Former Labour leader Jeremy Corbyn has publicly criticised Keir Starmer for the first time, less than an hour after his successor declared the party was "under new management".
Mr Corbyn attacked Labour's decision to settle in court over a Panorama investigation into antisemitism when he was leader.
The move was "dissappointing" and a political decision not a legal one, he said.
Tensions between Labour's old and new leadership boiled over soon after Sir Keir appeared to try to draw a line under the past, telling MPs the party was “under new management”.
During his time as leader Mr Corbyn was accused of failing to adequately confront Labour's antisemitism crisis.
The issue hit the headlines last summer when a number of whistleblowers who worked for the party detailed what they had seen in a Panorama documentary.
Labour has now agreed to pay "substantial damages'' to seven whistleblowers over "defamatory and false allegations'' made following the programme.
The party also issued an unreserved apology to the former staff members and to John Ware, the journalist who presented the programme.
In a statement, Mr Corbyn said the decision to apologise and make substantial payments to former staff who sued the party in relation to the Panorama programme "is a political decision, not a legal one".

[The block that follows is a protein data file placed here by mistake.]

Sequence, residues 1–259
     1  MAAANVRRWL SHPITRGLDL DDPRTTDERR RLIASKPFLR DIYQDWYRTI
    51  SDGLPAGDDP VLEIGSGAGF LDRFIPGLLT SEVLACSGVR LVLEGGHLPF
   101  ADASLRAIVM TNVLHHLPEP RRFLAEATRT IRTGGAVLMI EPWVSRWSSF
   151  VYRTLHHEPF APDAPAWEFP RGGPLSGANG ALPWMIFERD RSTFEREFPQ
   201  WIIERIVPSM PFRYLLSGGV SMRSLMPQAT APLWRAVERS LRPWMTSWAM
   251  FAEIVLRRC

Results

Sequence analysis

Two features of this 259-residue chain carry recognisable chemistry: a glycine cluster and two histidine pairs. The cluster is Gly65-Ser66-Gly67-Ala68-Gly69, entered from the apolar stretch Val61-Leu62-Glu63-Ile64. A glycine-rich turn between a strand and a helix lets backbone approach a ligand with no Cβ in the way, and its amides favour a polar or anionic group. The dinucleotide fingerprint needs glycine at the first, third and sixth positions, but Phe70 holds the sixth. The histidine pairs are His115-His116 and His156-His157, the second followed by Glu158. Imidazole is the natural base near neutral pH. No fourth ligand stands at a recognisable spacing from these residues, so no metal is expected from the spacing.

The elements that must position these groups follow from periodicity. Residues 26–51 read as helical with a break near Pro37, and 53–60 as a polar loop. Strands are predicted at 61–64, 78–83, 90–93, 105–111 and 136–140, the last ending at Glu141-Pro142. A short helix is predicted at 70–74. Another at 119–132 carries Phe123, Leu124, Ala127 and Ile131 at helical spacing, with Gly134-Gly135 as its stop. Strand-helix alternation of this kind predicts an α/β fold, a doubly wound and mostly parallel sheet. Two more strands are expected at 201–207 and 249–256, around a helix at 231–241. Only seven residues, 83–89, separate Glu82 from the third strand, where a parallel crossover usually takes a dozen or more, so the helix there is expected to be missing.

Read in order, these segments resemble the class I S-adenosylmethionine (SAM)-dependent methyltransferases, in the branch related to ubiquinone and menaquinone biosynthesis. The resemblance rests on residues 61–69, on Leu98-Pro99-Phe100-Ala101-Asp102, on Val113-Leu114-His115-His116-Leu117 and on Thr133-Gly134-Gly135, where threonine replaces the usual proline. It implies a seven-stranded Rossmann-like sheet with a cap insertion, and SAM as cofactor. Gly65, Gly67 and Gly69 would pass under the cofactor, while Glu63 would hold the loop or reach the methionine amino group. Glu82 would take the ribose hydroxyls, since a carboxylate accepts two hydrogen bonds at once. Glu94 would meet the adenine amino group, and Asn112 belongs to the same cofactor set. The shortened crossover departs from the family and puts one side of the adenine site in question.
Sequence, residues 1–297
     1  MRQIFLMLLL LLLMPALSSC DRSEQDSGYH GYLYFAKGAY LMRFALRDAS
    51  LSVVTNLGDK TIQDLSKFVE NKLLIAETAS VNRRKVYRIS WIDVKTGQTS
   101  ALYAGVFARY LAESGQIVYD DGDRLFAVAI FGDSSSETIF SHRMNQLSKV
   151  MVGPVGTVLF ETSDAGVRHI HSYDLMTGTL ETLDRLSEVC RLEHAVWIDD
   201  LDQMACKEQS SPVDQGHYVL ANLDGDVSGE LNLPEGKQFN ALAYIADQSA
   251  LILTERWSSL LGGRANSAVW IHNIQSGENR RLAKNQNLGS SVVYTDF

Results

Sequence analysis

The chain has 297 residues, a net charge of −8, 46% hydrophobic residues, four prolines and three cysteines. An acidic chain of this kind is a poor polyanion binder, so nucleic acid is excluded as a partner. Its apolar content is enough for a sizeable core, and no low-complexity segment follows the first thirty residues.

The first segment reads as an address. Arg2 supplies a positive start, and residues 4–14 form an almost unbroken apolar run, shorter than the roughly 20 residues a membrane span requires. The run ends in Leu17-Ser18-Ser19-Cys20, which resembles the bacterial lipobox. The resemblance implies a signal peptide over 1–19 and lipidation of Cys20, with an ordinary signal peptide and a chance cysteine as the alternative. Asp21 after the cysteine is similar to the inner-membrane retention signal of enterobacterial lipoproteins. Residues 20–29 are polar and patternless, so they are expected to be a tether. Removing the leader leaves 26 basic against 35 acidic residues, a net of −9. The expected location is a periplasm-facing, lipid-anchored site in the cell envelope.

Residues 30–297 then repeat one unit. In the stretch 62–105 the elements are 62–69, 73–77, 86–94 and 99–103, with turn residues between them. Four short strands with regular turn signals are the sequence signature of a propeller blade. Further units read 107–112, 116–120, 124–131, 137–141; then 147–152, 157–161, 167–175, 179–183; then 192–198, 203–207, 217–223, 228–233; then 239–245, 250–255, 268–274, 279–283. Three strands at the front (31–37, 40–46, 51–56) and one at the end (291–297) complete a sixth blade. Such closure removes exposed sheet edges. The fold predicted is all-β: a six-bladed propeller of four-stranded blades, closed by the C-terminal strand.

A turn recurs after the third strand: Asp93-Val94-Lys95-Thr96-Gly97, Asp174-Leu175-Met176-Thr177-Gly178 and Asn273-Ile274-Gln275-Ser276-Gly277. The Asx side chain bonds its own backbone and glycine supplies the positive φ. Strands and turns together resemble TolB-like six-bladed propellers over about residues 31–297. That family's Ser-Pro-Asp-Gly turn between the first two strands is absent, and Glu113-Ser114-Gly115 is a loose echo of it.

He also called for a leaked internal Labour report, which he said revealed evidence of “factionalism and obstruction of Labour’s 2017 General Election campaign”, to be considered by an ongoing Labour probe.
Len McCluskey, the boss of the Unite union and a staunch Corbyn ally, has also criticised the decision to settle the case.
A spokesman for Sir Keir pointed out that during the party's leadership contest earlier this year all three candidates pledged that they would seek to settle.
In a statement Labour said that before the Panorama programme was broadcast the party had issued a press release that contained “defamatory and false” allegations about their own employees and Mr Ware.
On the whistleblowers it added: “We unreservedly withdraw all allegations of bad faith, malice and lying. We would like to apologise unreservedly for the distress, embarrassment and hurt caused by their publication."
The damages are expected to be in six figures.
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